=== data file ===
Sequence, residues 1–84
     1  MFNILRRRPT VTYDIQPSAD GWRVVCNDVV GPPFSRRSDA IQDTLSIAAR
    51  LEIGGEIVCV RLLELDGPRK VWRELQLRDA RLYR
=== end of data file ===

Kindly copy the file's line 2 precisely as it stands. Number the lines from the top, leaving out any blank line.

     1  MFNILRRRPT VTYDIQPSAD GWRVVCNDVV GPPFSRRSDA IQDTLSIAAR